Thursday, April 27, 2017

Filling the Creative Well

by Sue Heavenrich

Earlier this month Christy shared a passel of great ideas for what to do to “blast through writer’s block”. Reading her post reminded me of the “artist dates” that Julia Cameron advocates in her book, The Artist’s Way. 

Cameron encourages writers (and other artists) to take time for themselves in doing activities that “fill the well” of creativity. She calls these once-a-week encounters “artist dates”. The thing is, Cameron explains, that they are things you do to explore something that interests you, fires up your imagination, sparks whimsy, encourages play. They are activities that “feed our creative work by replenishing our inner well of images and inspiration,” she says.

There are no rules about how to do artist dates other than to ask yourself: what sound fun? And then allow yourself to try it – even if it is something you have never done before. In that spirit, I share a year’s worth of artist dates I have done or intend to try, plus those gleaned from fellow writers and illustrators. Try one; try them all – and add your own ideas to the list. 

Around the home and yard:

  • Listen to classical music (or the Hamilton sound track)
  • Read a book – even cartoon paperbacks
  • Put on some dance music and move
  • Find streets/ buildings/ places in your town you have never been to before
  • Bake or cook something
  • Watch a movie
  • Grow a mini-garden in your kitchen
  • Make a blanket fort, snuggle in with books and hot cocoa
  • Find some postcards; then write notes on them and mail them to friends

Take a field trip:
  • Visit an art museum or gallery
  • Meander through a used book store or library book sale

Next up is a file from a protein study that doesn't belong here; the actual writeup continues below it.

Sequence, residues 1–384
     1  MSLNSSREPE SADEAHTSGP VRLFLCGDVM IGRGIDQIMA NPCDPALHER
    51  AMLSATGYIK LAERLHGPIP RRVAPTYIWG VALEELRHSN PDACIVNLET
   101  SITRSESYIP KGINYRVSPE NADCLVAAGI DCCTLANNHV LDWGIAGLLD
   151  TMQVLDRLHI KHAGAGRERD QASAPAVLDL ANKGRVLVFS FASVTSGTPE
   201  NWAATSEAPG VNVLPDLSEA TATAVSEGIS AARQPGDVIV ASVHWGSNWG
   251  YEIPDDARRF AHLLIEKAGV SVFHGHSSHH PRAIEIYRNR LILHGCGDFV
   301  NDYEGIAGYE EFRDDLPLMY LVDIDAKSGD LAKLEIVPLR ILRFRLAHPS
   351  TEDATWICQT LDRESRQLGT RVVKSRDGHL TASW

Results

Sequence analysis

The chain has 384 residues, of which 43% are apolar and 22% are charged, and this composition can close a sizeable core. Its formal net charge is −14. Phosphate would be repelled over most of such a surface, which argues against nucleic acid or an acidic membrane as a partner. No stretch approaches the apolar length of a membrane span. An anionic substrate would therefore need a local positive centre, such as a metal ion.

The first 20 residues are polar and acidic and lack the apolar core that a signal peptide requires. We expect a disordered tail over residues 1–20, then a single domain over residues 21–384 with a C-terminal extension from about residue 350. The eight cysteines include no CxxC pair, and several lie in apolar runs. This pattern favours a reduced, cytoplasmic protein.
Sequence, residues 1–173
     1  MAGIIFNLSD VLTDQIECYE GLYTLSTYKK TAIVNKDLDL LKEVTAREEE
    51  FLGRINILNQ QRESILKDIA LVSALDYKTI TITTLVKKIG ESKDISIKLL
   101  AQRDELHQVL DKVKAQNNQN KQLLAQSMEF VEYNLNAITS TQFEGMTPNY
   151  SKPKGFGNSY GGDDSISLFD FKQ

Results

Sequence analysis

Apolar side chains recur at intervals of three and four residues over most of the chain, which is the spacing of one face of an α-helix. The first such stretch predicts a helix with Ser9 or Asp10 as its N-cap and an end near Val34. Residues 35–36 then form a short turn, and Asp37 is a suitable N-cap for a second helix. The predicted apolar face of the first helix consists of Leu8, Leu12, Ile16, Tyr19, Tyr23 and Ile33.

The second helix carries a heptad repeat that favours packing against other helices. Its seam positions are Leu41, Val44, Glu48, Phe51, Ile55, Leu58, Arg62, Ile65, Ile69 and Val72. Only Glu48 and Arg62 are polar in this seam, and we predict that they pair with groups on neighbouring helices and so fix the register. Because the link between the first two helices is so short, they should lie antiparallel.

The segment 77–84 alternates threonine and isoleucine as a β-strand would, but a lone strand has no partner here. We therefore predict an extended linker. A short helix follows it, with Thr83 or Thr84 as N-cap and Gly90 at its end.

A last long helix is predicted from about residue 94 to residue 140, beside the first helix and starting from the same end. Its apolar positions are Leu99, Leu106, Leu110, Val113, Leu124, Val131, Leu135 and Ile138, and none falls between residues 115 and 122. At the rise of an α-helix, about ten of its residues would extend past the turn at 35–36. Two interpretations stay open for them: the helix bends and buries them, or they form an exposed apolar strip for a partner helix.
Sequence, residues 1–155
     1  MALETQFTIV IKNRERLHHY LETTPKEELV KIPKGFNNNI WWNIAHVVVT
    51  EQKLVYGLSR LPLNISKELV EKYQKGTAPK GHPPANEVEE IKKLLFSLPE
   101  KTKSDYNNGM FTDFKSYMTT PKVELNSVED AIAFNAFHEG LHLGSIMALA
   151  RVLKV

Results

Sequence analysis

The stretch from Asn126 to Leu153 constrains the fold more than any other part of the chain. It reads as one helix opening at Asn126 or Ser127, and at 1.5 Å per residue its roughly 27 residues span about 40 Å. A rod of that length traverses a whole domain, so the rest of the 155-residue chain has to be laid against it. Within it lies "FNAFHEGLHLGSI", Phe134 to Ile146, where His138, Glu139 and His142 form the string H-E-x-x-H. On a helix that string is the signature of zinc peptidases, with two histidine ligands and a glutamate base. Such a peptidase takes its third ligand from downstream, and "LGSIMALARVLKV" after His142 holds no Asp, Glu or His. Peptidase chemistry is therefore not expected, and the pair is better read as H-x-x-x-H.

• Turn a map upside down and see where it takes you
  • Attend a local festival
  • Hang out in an ethnic shop
  • Visit a zoo or botanical garden
  • Visit a museum
  • Visit a historical building
  • Look at doors or stairs on houses you walk by
  • Visit a farmer’s market
  • Explore an antique store
  • Ride on a bus

Outside/ nature:
  • Walk in the woods or a park
  • Meditate on a beach or river bank
  • Go on a walk to look at flowers growing in yards
  • Lay on your back and watch clouds
  • Watch leaves spin and fall
  • Follow a butterfly or bumble bee

 Make Something:
  • Make a collage from old magazines
  • Make a sculpture from junk
  • Paint on something that is not paper
  • Make a greeting card for someone
  • Make or cut out paper dolls
  • Make a journal or notebook
  • Take your camera for a walk
  • Write haiku or other poetry
  • Make something that could hang from a window or Christmas tree
  • Let a cookie fortune inspire you
  • Create sidewalk art with colored chalk
  • Make a map of a story that’s tickling your mind
  • Paint with berry juice
  • Capture a sunset with watercolors

  • Build with legos or blocks
  • Start a collection of stones, marbles
  • Play in the snow
  • Make some play-dough and play with it
  • Finger paint
  • Play with a kid’s toy you enjoyed
  • Learn some words in a new language
  • Do a jigsaw puzzle
  • Try origami
  • Go fly a kite
  • Invent new words with scrabble tiles

Monday, April 24, 2017

15 Steps to Building My Children's Author Website ~ by Patricia Toht

In January, 2016, I made a list of writing resolutions. #1 was to build my author website.
Image by medithIT
Here's how I went about it:

STEP 1 - Secure the Domain 
Possibilities abound for securing a domain name, but I decided to go with the granddaddy, GoDaddy. My last name is unusual, so it was readily available. If you have a more common name, you may need to get creative - add your middle initial or name, or add "books" or "author" to your name.